Don’t worry, this isn’t going to be a post full of terrible photos from the 80’s and 90’s of a small me. Besides, there aren’t many photos of me without my brothers, and I don’t know how they’d feel about their photos being on this blog – or finding out that this blog exists! A lot of the stuff that I write on here is about bad memories from childhood, the things that I realise now had a negative impact on my life or my mental health. But those things are such a tiny part of my childhood, for the most part it was amazing.
I grew up on a street where the only reason you left was because you died – yes, it was full of old people, but that didn’t bother me, well, maybe sometimes when school friends played with loads of kids on their street and I didn’t. For the most part though, being one of very few children surrounded by a bunch of oldies was great! They absolutely loved talking to you and always told you how lovely you were. The people on that street saw my parents move in with a baby and a toddler, my mum pregnant with me and two young boys to look after, me as a newborn, a child, a tween, a teen and an adult. They saw my family break down. They saw me go through troubled times and probably heard me roll in at 4am a few times, they saw me pull myself together and go off to uni, they saw me come back with a first class degree and they saw me move down South to be with the man I love. What’s more, some of them have even met Oliver and R – they saw me become a mother.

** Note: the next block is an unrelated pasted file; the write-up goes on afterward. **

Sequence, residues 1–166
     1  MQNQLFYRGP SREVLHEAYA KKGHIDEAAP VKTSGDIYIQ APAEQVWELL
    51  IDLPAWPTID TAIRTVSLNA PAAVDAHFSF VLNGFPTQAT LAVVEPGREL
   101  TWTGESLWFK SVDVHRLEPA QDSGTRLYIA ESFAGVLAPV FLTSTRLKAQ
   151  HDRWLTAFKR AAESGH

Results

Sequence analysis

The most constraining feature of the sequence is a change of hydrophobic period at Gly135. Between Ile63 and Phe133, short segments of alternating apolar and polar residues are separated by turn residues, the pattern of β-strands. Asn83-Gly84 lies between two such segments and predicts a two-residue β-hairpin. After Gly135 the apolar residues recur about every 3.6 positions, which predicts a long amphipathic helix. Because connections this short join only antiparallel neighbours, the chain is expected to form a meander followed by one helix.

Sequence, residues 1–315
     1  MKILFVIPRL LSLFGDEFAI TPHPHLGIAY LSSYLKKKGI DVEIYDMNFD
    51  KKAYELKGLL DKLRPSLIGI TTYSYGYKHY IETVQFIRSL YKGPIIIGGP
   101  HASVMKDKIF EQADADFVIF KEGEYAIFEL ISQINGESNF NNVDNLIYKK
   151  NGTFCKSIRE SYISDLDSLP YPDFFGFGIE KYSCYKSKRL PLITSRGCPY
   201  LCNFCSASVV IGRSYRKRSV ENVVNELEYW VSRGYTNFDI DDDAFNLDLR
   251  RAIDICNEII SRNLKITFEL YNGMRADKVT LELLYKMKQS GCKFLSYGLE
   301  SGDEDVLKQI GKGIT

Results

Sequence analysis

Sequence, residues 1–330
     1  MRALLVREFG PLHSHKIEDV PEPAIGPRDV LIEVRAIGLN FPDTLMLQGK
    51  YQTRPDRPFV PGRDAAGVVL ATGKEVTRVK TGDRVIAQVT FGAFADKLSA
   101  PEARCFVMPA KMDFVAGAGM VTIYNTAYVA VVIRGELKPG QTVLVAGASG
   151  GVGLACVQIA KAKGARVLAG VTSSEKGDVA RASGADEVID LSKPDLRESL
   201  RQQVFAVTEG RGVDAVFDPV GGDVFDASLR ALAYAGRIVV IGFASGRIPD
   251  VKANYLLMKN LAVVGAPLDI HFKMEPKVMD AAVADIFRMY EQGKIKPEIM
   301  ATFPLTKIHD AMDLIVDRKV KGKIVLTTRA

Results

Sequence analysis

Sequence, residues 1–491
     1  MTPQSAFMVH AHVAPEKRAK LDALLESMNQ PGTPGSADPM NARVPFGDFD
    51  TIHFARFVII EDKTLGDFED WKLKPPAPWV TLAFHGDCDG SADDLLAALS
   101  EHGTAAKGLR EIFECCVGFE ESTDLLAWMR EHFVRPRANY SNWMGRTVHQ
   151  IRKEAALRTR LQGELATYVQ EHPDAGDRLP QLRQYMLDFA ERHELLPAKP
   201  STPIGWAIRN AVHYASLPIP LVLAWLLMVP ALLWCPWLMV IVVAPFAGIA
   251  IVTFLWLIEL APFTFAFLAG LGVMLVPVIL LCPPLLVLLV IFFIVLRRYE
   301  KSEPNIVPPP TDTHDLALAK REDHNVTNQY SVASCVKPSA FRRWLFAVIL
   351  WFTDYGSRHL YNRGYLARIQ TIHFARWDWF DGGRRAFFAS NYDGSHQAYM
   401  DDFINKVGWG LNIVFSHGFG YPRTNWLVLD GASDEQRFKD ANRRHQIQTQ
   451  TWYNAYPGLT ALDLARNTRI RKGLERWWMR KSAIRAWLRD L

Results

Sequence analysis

That’s why when I saw this photo I felt a sudden wave of emotion. I suddenly felt like I wanted to be there, that I miss being there and that I wish I could go back just one last time, but I can’t. My parents sold the house last summer – it marked the end of a very troubled period for my family, yet it holds such amazing memories. 30 years of memories for my family. I wish that Oliver could go there and remember it, so that he could see that a family unit so dysfunctional was once so happy and so normal, so oblivious to the realities of life, realities of what the future would bring for us.
But for now, it’s my turn to make Oliver’s memories as happy as mine were, or even happier. I hope that a picture of our lovely little house in 25 years time can evoke such emotion in him, where he remembers all of the crazy things he did, the trouble he got in to and the neighbours doting on him. I want his memories from childhood be something to look back on and smile about.
Now is our time.
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